In terms of both targets of emissions, James H. Morris III, Associate Vice President of Operational Affairs, says that St. Edward’s is planning on how to reduce “dirty energy” by 45% by 2030. Since the university is dependent on Austin Energy for almost all the energy the campus receives, the achievability of the 2050 goal is yet to be determined. It is also important to note that Austin Energy strives to be 85% “carbon free” by 2023 and plans to completely eliminate coal as an energy source. But as of right now there isn’t any specific plan for 100% renewable energy sourcing. 

St. Edward’s strives to move towards more renewable energy in the future, unlike Austin Community College (ACC) which now powers two campuses, ACC Round Rock and ACC Elgin, with 100% renewable electricity. Both campuses now exclusively use wind and solar power. Before this transition of energy sources, eight ACC campuses already had rooftop solar panels. 

St. Edward’s claims to also use wind energy to power campus, partnering with Austin Energy’s Green Choice Renewable Energy program as a “patron level member making a multi-year commitment in purchasing wind energy,” but the website doesn’t say how much of the campus’ energy comes from renewable sources. A 2017 report shows St. Edward’s only used 2.4% of renewable energy. However,  due to lack of information disclosure on the university’s end in the past, we can only hope that number has gone up in the 2019 report.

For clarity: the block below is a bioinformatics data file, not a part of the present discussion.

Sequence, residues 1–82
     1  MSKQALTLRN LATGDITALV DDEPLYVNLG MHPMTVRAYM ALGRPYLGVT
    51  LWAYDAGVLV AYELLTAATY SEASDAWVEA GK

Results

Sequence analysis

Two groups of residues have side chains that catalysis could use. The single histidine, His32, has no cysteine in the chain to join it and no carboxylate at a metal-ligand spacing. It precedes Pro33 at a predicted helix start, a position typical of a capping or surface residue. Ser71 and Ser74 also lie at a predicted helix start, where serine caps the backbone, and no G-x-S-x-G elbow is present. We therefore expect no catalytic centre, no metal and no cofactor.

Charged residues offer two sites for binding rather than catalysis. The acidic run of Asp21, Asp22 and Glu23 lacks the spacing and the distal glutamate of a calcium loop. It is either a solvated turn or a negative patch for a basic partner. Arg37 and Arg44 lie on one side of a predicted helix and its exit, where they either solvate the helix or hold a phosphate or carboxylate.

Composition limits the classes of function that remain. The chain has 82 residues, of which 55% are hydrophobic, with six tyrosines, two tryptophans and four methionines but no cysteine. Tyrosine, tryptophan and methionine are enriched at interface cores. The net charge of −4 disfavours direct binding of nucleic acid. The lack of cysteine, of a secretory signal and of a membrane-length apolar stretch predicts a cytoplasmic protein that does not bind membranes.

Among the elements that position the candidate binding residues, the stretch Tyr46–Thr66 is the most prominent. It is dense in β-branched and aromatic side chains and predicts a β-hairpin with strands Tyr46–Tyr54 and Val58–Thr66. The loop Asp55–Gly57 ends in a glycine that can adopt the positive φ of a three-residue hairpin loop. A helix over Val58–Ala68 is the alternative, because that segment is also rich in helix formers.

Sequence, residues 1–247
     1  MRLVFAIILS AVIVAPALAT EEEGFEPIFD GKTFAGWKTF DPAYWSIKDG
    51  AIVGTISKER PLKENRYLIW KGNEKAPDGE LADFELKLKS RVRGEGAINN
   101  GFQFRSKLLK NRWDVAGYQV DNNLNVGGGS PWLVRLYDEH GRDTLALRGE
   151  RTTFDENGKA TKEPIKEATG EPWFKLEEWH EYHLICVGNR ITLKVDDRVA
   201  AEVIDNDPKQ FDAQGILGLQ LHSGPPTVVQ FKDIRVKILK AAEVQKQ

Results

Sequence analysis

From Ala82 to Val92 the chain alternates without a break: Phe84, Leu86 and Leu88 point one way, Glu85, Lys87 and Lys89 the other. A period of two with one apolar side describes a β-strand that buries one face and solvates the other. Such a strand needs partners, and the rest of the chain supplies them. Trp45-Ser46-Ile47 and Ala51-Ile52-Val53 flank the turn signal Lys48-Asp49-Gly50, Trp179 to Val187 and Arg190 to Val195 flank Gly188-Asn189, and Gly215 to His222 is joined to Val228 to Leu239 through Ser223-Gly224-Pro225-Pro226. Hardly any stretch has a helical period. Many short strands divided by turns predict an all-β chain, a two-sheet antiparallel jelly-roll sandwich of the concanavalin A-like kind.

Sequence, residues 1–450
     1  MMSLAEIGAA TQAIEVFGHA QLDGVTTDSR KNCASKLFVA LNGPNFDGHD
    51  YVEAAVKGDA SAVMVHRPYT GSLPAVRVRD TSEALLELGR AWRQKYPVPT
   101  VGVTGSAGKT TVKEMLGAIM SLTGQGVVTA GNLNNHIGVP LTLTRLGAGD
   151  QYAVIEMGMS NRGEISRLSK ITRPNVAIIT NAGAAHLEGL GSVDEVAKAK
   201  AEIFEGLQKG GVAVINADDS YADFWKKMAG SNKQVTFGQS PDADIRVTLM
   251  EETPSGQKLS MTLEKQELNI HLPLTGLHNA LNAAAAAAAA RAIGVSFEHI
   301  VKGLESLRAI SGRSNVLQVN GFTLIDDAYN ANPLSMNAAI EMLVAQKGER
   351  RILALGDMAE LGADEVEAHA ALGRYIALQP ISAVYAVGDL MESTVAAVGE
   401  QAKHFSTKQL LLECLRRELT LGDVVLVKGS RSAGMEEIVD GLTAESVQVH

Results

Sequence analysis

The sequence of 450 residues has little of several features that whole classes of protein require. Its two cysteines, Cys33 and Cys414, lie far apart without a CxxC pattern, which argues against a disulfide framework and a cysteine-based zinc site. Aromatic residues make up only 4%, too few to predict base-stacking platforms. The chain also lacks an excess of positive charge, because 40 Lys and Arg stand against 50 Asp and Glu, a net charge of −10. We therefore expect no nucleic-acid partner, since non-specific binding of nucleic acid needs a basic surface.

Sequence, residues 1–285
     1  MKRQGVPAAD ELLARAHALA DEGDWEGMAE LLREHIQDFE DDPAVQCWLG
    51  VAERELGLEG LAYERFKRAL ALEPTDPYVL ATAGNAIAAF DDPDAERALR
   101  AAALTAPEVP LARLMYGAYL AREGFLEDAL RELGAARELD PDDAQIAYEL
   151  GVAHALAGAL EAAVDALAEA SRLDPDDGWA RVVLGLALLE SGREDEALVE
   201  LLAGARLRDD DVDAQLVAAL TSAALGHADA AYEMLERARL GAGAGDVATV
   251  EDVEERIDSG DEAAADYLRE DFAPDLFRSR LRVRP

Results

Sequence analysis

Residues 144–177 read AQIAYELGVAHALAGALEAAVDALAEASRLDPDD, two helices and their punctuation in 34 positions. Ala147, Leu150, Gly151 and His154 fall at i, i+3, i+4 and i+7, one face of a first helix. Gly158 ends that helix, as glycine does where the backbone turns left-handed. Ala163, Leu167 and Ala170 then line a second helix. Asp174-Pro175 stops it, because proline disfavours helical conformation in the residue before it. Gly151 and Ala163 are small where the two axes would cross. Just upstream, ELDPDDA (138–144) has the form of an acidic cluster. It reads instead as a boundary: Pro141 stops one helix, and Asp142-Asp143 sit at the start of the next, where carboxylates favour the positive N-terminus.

The gross emissions for 2018 were 18,162 metric tons of carbon dioxide, and according to St. Edward’s, “the university is making progress on mitigating that because net emissions amount to 0.08 metric tons.” It’s great that the number went down, but it won’t be enough. St. Edward’s must commit to transitioning to 100% clean energy. 

In 2007, Southwestern University students demanded the administration to commit to climate change mitigation, which led the university to purchase renewable energy credits from wind power to power campus 100% in 2010.  Since then, they have been a leader of renewable energy among higher institutions — an example that student action can bring change. There is no excuse as to why we cannot transform our energy system. Renewable energy is cheaper than fossil fuels and Texas has the largest amount of wind power

As of 2019, some of St. Edward’s sustainability efforts are electric car charging stations, rainwater catch systems, water conserving plumbing fixtures, heating, ventilation and air conditioning (HVAC) and energy efficient lighting. Construction has been environmentally conscious with about 90% of construction waste from the Alumni Gym and JBWS being either recycled or salvaged. Now, it’s time for St. Edwards to transform completely.

In order for St. Edward’s to transition to 100% renewable energy, they must install solar energy panels on rooftops and parking lots. They should purchase solar and wind energy that meets 100% energy usage. After transitioning the energy system, climate change mitigation depends on the food industry, and St. Edward’s has already committed to local and organic ingredients through Bon Appetit.

General Assembly President María Fernanda Espinosa Garcés of Ecuador at the UN states what is at stake: We are the last generation that can prevent irreparable damage to our planet.”